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Klinsmann’s settlement money was 11-times greater than Ellis’ base salary

Photo Copyright Daniela Porcelli | Joerdeli Photography

United States women’s national team coach Jill Ellis was paid less in the 2018 U.S. Soccer fiscal year than the sum of the settlement for former U.S. men’s chief assistant Andreas Herzog, according to the U.S. Soccer Federation’s records.

Ellis was paid $291,029, per records, though the Washington Post’s Steven Goff reports that Ellis signed a new contract last year — one which the federation did not publicize — which gave Ellis a “substantial increase” to her salary. The exact number won’t be known until the next round of tax records come out next year. Ellis’ initial “multi-year extension,” signed after winning the 2015 World Cup, was believed to run through this year’s World Cup with an option through the 2020 Olympics. The Equalizer understands that last year’s change was a numerical adjustment to her salary, not the length of the deal.

Still, Ellis’ salary looks relatively insulting compared to the amount of money paid out to former coaches, in particular, on the men’s side. The U.S. men infamously failed to qualify for the 2018 World Cup. To put things in perspective:

— Jurgen Klinsmann was paid $3.354 million for the last year of his contract. He was fired in November 2016 amid struggles in the early stages of final-round qualifying.

— Bruce Arena, who took over for Klinsmann and was at the helm for the end of the failed qualifying effort, had a base salary of $899,348 and received another $300,000 after resigning in October 2017, following the failure to qualify.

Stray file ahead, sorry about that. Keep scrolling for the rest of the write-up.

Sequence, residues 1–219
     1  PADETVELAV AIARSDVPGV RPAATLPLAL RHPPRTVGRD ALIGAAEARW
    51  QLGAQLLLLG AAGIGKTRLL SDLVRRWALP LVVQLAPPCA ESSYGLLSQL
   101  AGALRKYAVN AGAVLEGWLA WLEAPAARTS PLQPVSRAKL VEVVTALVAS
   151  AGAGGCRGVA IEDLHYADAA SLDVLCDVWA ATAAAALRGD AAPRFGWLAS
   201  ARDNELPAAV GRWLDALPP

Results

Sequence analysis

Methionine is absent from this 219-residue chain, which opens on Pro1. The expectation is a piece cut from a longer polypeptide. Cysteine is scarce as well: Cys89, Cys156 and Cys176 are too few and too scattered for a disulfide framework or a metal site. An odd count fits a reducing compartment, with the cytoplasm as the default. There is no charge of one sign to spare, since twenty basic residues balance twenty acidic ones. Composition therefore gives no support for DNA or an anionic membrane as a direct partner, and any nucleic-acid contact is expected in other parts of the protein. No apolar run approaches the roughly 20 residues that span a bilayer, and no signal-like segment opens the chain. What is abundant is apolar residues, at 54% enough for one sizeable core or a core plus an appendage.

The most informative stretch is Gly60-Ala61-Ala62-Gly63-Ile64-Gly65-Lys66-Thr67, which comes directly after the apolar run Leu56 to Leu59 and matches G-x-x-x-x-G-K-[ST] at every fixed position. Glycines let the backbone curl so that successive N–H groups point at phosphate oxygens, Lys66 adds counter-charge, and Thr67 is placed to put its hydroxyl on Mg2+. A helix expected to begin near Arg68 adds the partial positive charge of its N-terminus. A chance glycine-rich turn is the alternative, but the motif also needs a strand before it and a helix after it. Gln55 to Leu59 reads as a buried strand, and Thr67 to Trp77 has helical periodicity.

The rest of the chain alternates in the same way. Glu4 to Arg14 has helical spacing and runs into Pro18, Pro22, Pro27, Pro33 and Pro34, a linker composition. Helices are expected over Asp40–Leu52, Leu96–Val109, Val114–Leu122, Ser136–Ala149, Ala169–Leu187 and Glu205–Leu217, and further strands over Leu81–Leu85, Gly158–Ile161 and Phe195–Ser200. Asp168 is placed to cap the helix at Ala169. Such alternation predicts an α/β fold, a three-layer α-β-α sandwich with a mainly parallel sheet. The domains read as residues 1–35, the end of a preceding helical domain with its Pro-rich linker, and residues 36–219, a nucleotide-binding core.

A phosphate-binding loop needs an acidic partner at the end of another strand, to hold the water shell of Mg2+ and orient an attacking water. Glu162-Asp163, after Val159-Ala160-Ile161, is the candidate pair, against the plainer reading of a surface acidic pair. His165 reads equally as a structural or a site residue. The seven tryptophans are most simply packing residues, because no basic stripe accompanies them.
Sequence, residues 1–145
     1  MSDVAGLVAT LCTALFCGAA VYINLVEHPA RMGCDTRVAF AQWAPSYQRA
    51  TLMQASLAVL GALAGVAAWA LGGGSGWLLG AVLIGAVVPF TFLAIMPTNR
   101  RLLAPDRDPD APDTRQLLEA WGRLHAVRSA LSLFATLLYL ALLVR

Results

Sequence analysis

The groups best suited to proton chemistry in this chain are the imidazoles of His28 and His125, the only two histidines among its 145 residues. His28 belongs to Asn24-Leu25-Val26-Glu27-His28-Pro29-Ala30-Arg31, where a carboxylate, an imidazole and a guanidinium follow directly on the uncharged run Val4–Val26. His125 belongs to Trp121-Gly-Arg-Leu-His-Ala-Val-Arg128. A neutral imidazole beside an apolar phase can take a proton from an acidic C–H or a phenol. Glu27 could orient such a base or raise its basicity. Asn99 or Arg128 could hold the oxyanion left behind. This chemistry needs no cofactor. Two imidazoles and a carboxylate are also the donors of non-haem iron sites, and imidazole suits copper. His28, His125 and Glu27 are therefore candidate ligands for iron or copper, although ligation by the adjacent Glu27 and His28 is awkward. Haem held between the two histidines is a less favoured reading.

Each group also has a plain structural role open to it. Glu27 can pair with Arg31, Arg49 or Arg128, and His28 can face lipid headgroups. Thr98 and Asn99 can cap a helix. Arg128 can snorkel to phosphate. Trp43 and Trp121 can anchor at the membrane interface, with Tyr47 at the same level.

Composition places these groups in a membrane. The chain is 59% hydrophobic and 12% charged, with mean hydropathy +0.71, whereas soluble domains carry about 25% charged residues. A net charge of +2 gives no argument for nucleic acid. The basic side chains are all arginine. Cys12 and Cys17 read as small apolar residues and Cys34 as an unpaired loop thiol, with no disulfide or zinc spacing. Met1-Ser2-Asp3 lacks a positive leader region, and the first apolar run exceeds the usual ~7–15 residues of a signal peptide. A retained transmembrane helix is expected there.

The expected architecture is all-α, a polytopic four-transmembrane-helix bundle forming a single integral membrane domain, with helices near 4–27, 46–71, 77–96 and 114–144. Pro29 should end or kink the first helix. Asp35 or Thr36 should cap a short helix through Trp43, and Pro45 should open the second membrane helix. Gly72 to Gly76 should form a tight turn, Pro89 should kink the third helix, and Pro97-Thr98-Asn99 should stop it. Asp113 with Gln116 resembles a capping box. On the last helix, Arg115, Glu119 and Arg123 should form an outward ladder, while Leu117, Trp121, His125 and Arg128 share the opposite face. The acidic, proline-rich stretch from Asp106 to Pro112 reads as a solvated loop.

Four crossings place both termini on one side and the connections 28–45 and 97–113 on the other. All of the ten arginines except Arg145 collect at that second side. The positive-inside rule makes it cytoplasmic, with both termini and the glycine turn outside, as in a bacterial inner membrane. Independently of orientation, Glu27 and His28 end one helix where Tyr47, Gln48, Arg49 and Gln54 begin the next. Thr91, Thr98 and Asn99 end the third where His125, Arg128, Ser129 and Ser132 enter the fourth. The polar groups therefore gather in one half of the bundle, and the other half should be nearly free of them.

— Klinsmann’s chief assistant, Herzog, received a settlement of $335,537.

— Tab Ramos, the men’s technical director and U-20 head coach, made a base salary of $295,558, plus a $30,000 bonus.

— Ellis made $291,029.

— Dave Sarachan, Arena’s former assistant turned interim U.S. men’s head coach, made $223,656.

The entirety of the 990 form can be found here. More information will be available about investments in the National Women’s Soccer League upon the release of last year’s audited statements.

Next year’s fiscal records will be mighty interesting. They should reveal exactly what Ellis’ raise was, and perhaps provide a peek into the earnings of new U.S. men’s national team coach Gregg Berhalter. U.S. Soccer’s fiscal year runs from April 1 to March 31, so the 2019 Women’s World Cup will be included two reports from now.

Salaries of a few — but not all — women’s national team players are included in each annual report, since the federation has to list a certain number of highest-paid employees. Sam Mewis, Kelley O’Hara, Christen Press and Becky Sauerbrunn were listed as earning base salaries of $178,000 along with bonuses of between $70,350 and $79,100, bringing total earnings to between $247,497 and $257,920.

READ MORE: Where are all the female coaches? Still navigating an unequal landscape

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